University of Arizona professor shot dead; former student in custody

A University of Arizona professor was fatally shot in a campus office on Wednesday, said the university police. A former university student has been charged.

The shooting devastated those who knew Thomas Meixner, the head of the university’s department of hydrology and atmospheric sciences, described by many as a kind and brilliant man. It spooked the campus community as students fled classrooms and tried to barricade themselves in bedrooms when the university sent out alerts. And it has reignited nationwide concerns about some of the risks that can arise in academia.

Murad Dervish, 46, was taken into custody several hours after the shooting, University of Arizona Police Chief Paula Balafas said Wednesday.

Dervish was charged Thursday with first-degree murder and aggravated assault with a deadly weapon, a campus police spokesperson said. He said the motive is not yet known.

The incident happened quickly. A man entered the John W. Harshbarger Building around 2 p.m. Wednesday, according to the University of Arizona Police Department. Someone called the police at 1:59 a.m. to say that a former student who was not permitted to enter the building had entered and requested that the police escort the man.

The department then received another call indicating that there had been a shooting in the building. At 2:07 p.m., police learned that the man had fled through the building’s main entrance.

Meixner was taken to hospital, where he was pronounced dead.

Dervish, 46, was taken into custody at 5:10 p.m. Wednesday at a traffic stop outside Gila Bend, Ariz., about 120 miles northwest of the university’s campus.

sergeant. Sean Shields, a spokesman for the university’s police department, said Dervish was expelled the previous semester.

A campus exclusion order had been filled in to ban Dervish but he had not yet been served because police could not locate him, Shields said Thursday. Shields said he was unsure whether the exclusion order applied to the entire campus, a specific building or another area.

A lawyer for Dervish could not immediately be located.

On Thursday, many mourned Meixner, a longtime presence on the Tucson campus.

“Tom was always smiling – when I think of Tom, that’s my first impression,” said Xubin Zeng, a professor in the department of hydrology and atmospheric sciences, who said Meixner had been a colleague and friend for 15 years. “He was always nice to everyone.”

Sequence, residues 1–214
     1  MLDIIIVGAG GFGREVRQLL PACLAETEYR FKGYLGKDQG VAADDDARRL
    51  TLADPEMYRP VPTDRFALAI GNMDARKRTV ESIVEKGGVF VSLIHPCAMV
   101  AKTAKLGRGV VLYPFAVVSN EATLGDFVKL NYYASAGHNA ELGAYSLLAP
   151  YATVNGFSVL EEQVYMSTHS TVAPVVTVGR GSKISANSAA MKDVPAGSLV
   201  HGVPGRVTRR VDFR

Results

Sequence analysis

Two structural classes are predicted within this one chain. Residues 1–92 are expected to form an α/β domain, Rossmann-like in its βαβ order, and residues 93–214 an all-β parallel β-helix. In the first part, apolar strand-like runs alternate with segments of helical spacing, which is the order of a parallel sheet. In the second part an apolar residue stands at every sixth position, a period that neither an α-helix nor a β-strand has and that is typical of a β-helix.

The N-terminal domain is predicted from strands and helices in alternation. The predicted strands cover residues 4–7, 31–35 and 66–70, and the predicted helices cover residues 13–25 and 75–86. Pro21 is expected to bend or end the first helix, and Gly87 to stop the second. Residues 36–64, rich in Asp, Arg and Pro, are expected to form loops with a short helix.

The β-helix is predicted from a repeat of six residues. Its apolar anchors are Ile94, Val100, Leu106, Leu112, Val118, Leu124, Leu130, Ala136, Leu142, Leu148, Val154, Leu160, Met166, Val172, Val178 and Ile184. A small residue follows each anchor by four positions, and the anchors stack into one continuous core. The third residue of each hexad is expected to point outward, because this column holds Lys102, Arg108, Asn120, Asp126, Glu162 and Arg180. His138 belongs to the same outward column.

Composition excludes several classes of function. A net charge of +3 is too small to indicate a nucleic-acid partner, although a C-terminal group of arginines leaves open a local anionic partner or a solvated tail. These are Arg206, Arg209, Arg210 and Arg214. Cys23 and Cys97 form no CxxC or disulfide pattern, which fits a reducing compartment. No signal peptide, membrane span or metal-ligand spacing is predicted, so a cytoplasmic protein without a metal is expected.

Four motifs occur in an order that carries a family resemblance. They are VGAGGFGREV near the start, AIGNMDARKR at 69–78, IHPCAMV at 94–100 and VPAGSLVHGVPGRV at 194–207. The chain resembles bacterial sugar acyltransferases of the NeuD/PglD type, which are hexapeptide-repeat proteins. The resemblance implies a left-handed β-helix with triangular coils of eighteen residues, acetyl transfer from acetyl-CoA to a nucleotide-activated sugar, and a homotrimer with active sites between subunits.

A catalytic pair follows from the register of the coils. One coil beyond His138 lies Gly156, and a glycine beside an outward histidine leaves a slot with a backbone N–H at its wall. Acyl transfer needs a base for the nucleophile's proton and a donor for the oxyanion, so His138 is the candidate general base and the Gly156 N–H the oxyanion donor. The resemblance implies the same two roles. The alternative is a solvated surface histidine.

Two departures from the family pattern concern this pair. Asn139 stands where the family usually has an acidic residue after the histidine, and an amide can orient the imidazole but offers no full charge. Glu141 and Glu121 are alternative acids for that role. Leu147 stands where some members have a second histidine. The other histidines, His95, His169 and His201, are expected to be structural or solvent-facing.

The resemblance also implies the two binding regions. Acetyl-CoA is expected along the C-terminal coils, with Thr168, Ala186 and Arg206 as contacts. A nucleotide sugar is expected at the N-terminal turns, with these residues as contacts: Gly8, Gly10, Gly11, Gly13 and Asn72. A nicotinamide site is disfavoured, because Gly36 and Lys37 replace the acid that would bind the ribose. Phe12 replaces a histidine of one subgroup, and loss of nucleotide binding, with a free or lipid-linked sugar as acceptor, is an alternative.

Zeng said he had taught dervish and department members were shocked, saddened and angry.

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The wider scientific community has shared memories and tributes to Meixner’s research contributions, but more so to his personal contributions as a mentor, friend, role model and family man.

Paul Brooks, a professor of hydrology at the University of Utah, had been friends with him since grad school. “He was truly a gifted interdisciplinary scientist who could bridge chemistry, hydrology and biology for really meaningful and insightful work,” Brooks said.

“But the most important thing about Tom is that he was such a powerful force for good in science and academia in a very competitive world where things often aren’t fair, and people work very hard. hard and maybe not recognized at the level they should be. He was incredibly selfless and supportive of everyone.

Rebecca Barnes, a AAAS Science Technology Policy Fellow with the National Science Foundation, said she first met Meixner as a dazzled postdoctoral student. “One of the amazing things about being a scientist is knowing people at all these different stages of our lives,” Barnes said. “But it also means that our community, we feel these losses very hard.”

She said Meixner was warmly supportive of efforts to make science more equitable and inclusive, and remembered him enthusiastically — in all caps — promoting a colleague’s work when Barnes created Wikipedia pages to highlight the women in STEM fields.

“He was one of those very smart and very kind people, and that’s what you want in science,” she said. “It’s who you want to train the next generation.”

Meixner, who grew up in Maryland, graduated from the University of Maryland in 1992, according to her faculty homepage, and earned her doctorate in hydrology in 1999 from the University of Arizona.

Christopher L. Castro, the associate department chief, did not immediately respond to a request for comment but posted on social media about the loss, writing that he was devastated. “Beyond his professional contributions to hydrology, Tom was an exemplary father and human being. Pray to all who mourn, especially his family. I will miss you forever, my dear friend.

Arizona Governor Doug Ducey (R) said in a tweet May the state pray for Meixner’s family and friends.

The campus resumed in-person classes on Thursday.

In a message to campus, University of Arizona President Robert C. Robbins wrote, “This incident is a profound shock to our community, and it is a tragedy. I have no words to undo it, but I mourn with you for the loss, and I’m especially sorry for Tom’s family members, colleagues and students.

Robbins added, “Safety on campus is and will remain our top priority.”

Razzan Nakhlawi contributed to this report.

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